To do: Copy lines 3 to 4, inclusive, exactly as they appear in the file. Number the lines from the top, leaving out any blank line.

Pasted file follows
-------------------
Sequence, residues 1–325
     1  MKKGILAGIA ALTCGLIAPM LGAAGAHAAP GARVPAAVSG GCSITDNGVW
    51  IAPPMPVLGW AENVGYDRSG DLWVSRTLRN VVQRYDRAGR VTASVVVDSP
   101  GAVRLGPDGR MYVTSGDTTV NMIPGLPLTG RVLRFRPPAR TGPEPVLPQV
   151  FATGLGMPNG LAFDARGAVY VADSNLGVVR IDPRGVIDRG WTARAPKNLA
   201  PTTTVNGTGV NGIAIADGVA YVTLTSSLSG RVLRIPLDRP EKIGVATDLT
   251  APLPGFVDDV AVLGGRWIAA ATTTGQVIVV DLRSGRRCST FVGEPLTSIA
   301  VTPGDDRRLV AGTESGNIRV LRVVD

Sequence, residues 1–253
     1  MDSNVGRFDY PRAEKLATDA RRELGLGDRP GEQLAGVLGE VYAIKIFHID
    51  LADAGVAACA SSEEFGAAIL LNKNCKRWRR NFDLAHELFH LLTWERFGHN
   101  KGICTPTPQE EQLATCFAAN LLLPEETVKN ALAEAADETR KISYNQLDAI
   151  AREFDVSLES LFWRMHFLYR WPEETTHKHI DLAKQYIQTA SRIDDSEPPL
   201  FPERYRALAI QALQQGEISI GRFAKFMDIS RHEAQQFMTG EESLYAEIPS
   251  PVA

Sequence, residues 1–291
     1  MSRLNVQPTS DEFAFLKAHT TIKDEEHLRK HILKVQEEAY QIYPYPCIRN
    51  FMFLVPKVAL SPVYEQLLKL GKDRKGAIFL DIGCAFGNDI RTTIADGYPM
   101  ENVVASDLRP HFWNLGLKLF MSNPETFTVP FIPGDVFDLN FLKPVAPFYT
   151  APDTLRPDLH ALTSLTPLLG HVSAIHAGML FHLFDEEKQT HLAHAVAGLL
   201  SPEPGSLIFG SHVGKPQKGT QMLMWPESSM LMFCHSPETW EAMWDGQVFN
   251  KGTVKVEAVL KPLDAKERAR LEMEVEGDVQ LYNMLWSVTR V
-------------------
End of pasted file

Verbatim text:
    51  IAPPMPVLGW AENVGYDRSG DLWVSRTLRN VVQRYDRAGR VTASVVVDSP
   101  GAVRLGPDGR MYVTSGDTTV NMIPGLPLTG RVLRFRPPAR TGPEPVLPQV